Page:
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To assess whether disparities in energy consumption and insufficient energy intake in India have changed over time across socio-economic status (SES).
This cross-sectional, population-based survey study examines the relationship between several SES indicators (i.e. wealth, education, caste, occupation) and energy consumption in India at two time points almost 20 years apart. Household food intake in the last 30 d was assessed in 1993–94 and in 2011–12. Average dietary energy intake per person in the household (e.g. kilocalories) and whether the household consumed less than 80 % of the recommended energy intake (i.e. insufficient energy intake) were calculated. Linear and relative risk regression models were used to estimate the relationship between SES and average energy consumed per day per person and the relative risk of consuming an insufficient amount of energy.
Rural and urban areas across India.
A nationally representative sample of households.
Among rural households, there was a positive association between SES and energy intake across all four SES indicators during both survey years. Similar results were seen for energy insufficiency vis-à-vis recommended energy intake levels. Among urban households, wealth was associated with energy intake and insufficiency at both time points, but there was no educational patterning of energy insufficiency in 2011–12.
Results suggest little overall change in the SES patterning of energy consumption and percentage of households with insufficient energy intake from 1993–94 to 2011–12 in India. Policies in India need to improve energy intake among low-SES households, particularly in rural areas.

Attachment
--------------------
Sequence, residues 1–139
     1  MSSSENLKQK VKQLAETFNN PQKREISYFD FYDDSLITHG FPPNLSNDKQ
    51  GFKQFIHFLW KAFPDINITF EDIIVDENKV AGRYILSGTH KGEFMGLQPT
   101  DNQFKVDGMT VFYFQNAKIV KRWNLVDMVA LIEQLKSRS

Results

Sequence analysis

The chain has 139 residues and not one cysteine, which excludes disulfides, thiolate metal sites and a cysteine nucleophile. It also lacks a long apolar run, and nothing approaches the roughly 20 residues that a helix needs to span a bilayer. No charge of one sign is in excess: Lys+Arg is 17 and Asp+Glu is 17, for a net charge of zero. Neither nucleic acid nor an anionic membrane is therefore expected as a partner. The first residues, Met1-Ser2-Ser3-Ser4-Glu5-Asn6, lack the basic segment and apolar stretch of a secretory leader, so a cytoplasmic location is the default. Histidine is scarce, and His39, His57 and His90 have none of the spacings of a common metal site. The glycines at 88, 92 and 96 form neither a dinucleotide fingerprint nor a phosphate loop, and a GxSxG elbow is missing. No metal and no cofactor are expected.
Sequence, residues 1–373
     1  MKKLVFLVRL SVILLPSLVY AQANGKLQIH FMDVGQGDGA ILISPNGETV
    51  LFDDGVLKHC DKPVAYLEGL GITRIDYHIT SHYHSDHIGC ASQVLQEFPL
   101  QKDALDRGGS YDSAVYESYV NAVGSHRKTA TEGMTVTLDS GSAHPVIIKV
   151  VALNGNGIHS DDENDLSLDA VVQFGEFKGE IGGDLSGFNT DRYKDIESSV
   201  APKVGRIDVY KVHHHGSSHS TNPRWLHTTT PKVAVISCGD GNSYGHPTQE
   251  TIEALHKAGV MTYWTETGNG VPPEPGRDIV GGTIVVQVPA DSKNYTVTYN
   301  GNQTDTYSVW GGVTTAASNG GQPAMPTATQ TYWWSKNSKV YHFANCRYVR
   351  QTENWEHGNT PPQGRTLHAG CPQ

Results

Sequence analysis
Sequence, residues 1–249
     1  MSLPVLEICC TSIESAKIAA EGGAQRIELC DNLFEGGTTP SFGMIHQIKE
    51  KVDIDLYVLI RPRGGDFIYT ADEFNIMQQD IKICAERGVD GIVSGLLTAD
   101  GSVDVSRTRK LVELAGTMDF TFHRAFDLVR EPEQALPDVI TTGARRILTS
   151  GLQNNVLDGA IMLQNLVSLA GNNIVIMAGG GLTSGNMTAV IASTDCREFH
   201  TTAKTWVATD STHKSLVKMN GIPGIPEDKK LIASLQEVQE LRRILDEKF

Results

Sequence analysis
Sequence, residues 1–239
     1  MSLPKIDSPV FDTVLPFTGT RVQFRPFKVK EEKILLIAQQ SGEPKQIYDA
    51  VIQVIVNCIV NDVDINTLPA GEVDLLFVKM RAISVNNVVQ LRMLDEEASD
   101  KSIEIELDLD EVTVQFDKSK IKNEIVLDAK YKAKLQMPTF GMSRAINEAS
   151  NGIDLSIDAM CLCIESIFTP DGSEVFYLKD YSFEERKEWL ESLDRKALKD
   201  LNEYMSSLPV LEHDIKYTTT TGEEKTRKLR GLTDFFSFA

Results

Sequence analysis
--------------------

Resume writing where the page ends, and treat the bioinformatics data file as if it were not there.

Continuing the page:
To assess the association between food insecurity and depression symptom severity stratified by sex, and test for evidence of effect modification by social network characteristics.
A population-based cross-sectional study. The nine-item Household Food Insecurity Access Scale captured food insecurity. Five name generator questions elicited network ties. A sixteen-item version of the Hopkins Symptom Checklist for Depression captured depression symptom severity. Linear regression was used to estimate the association between food insecurity and depression symptom severity while adjusting for potential confounders and to test for potential network moderators.
In-home survey interviews in south-western Uganda.
All adult residents across eight rural villages; 96 % response rate (n 1669).
Severe food insecurity was associated with greater depression symptom severity (b=0·4, 95 % CI 0·3, 0·5, P<0·001 for women; b=0·3, 95 % CI 0·2, 0·4, P<0·001 for men). There was no evidence of effect modification by social network factors for women. However, for men who are highly embedded within in their village social network, and (separately) for men who have few poor contacts in their personal network, the relationship between severe food insecurity and depression symptoms was stronger than for men on the periphery of their village social network, and for men with many poor personal network contacts, respectively.
In this population-based study from rural Uganda, food insecurity was associated with mental health for both men and women. Future research is needed on networks and food insecurity-related shame in relation to depression symptoms among food-insecure men.
The goal of the present study was to examine the influence of community environment on the nutritional status (weight-for-age and height-for-age) of children (aged 0–59 months) in Bangladesh. In addition, we tested the association between specific characteristics of community environments and child nutritional status.
The data are from the nationally representative 2004 Bangladesh Demographic and Health Survey.
Respondents were ever-married women (aged 15–49 years) and their children (n 5731), residing in 361 communities. Child nutritional outcomes are physical measurements of weight-for-age and height-for-age in sd units. We considered the following attributes of community environments potentially related to child nutrition: (i) community water and sanitation infrastructure; (ii) availability of community health and education services; (iii) community employment and social participation; and (iv) education level of the community.